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Awkward? When a Peer Becomes Your Direct Report


Congratulations! You’ve just been promoted to a leadership position. The thrill of the new title and responsibilities is exhilarating. But wait, there’s a catch: you now have to manage people who were once your peers. Especially those peers - the ones who may know more about you then you would ever want a direct report to know! Navigating this potentially awkward transition requires a fine balance of tact, emotional intelligence, and leadership acumen. So how do you take on this new role without making it awkward for everyone? Here’s a guide to help you make a seamless transition.


Clear the Air

First things first, address the elephant in the room. Gather your team and openly acknowledge the change in roles. This initial conversation sets the tone for your new relationship with your former peers. It’s an opportunity for you to explain your vision and lay the groundwork for what lies ahead.


Set Boundaries

You may have to recalibrate personal relationships with your team. While you don’t need to sever friendships, it’s important to establish new boundaries. Limit personal conversations during work hours and steer away from discussing work-related issues during social interactions. This helps maintain professionalism without entirely sacrificing camaraderie.


Cultivate Empathy

Now that you’re the boss, your decisions have greater repercussions for your team. Show empathy when implementing new policies or setting performance expectations. Make it a point to consider how your actions will impact your direct reports.


Lead By Example

Your team will look to you for cues on how to behave in the newly restructured environment. Therefore, it’s imperative to lead by example. Be diligent, act ethically, and be the first to embrace new protocols or performance metrics. This will not only set a standard but also build credibility.


Foster Open Communication

In a setting where roles have shifted, clear and transparent communication is vital. Establish regular check-ins and foster an open-door policy. Provide a safe space for your team to express their concerns or suggestions. An environment of open dialogue can help dispel any lingering awkwardness and facilitate a smooth transition.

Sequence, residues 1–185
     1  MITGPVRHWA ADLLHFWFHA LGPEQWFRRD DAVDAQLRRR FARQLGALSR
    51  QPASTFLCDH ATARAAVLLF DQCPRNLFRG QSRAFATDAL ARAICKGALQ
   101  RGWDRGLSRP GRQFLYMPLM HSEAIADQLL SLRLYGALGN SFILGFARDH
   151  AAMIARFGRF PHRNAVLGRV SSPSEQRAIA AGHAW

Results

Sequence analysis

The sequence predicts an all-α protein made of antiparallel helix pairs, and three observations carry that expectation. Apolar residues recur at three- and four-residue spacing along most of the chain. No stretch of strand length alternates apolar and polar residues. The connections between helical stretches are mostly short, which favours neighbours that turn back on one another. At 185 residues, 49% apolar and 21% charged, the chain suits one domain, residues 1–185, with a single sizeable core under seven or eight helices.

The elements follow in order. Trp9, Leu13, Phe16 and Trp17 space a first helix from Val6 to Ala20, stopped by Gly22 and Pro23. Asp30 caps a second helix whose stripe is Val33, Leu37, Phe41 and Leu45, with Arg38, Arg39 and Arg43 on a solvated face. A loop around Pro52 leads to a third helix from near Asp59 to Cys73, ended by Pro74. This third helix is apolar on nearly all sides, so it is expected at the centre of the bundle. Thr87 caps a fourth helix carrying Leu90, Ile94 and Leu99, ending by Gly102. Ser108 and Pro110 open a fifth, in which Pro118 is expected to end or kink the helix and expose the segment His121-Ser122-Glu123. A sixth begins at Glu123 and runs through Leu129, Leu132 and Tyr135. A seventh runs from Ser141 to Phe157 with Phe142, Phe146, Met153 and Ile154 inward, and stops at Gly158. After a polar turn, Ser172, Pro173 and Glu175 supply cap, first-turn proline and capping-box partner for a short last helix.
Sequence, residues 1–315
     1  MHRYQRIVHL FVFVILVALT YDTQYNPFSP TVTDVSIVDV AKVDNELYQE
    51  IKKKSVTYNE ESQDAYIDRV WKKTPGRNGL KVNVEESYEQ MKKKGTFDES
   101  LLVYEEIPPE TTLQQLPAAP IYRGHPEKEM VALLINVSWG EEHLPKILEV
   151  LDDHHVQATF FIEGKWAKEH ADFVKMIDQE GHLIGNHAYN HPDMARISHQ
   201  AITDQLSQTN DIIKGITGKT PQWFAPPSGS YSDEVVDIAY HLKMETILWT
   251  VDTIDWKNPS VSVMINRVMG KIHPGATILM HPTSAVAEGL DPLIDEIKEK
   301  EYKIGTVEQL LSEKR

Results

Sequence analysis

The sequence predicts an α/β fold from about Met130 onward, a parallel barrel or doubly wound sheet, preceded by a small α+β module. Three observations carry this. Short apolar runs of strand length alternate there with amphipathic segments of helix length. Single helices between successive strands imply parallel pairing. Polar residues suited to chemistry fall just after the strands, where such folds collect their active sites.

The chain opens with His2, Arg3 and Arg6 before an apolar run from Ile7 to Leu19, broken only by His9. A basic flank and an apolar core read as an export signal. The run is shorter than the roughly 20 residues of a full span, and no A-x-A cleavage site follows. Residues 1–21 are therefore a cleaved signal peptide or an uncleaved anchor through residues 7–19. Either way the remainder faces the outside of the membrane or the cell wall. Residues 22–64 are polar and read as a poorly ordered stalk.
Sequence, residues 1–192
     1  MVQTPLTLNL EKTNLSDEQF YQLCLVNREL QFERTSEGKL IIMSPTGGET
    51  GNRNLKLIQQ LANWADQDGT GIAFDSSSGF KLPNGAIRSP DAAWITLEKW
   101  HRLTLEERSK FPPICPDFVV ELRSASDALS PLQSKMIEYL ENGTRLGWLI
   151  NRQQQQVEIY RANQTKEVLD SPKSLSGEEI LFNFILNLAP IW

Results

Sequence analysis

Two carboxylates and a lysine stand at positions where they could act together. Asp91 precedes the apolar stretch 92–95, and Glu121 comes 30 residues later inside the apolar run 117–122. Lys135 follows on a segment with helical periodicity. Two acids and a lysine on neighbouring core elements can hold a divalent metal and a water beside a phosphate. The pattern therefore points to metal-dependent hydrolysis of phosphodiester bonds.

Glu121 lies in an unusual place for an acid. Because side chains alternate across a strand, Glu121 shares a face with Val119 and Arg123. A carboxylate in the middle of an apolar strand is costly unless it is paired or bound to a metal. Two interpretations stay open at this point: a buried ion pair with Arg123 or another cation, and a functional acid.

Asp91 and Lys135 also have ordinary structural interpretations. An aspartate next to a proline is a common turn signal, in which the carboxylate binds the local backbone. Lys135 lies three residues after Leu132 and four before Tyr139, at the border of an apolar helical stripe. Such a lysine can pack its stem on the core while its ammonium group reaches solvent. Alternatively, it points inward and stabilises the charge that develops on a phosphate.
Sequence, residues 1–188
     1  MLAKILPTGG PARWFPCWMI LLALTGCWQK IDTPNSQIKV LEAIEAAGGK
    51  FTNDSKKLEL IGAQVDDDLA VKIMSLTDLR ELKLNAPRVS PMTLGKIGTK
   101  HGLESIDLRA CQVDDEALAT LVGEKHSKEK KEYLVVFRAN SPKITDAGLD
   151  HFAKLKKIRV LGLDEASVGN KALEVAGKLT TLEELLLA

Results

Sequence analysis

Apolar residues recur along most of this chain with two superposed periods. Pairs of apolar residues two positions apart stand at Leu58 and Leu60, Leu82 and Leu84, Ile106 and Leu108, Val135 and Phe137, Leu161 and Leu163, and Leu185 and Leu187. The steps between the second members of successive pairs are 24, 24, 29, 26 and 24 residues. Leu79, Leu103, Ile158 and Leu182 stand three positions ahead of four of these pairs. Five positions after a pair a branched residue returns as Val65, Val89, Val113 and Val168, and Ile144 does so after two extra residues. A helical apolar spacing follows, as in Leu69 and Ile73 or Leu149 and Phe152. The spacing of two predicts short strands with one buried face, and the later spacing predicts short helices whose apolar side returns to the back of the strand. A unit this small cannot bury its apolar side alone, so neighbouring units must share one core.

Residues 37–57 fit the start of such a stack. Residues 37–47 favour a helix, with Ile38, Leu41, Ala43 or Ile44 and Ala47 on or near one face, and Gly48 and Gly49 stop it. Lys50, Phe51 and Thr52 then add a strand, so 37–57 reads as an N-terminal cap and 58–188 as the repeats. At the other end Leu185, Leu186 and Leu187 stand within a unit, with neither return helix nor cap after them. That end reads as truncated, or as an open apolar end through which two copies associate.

Be Consistent

Being consistent in your actions and decisions is crucial for maintaining trust. Favoritism or inconsistent treatment can lead to discord and a lack of respect for your authority. Make sure to apply rules and policies uniformly to show that you are a fair and impartial leader.


Manage Expectations

As a new leader, it’s important to manage expectations, both yours and your team's. Clearly communicate what you expect from your team and what they can expect from you. Aligning expectations can avoid misunderstandings and set a clear path for progress.


Seek Feedback

Last but not least, don't assume you've got it all figured out just because you've stepped into a leadership role. Make it a habit to seek feedback from your team, and more importantly, act upon it. This shows that you value their opinions and are committed to improving, thereby fostering a mutually respectful relationship.


Stepping into a leadership role and managing former peers is undoubtedly a challenging shift. However, with open communication, empathy, and consistency, you can build a strong foundation for your new role. Remember, effective leadership isn't about flexing your authoritative muscles; it's about empowering your team to achieve shared goals.



Dr. Merrylue Martin is President and CEO of the Job Joy Group and best-selling author of the Big Quit Survival Guide. To learn more, visit www.JobJoyGroup.com and connect on LinkedIn.


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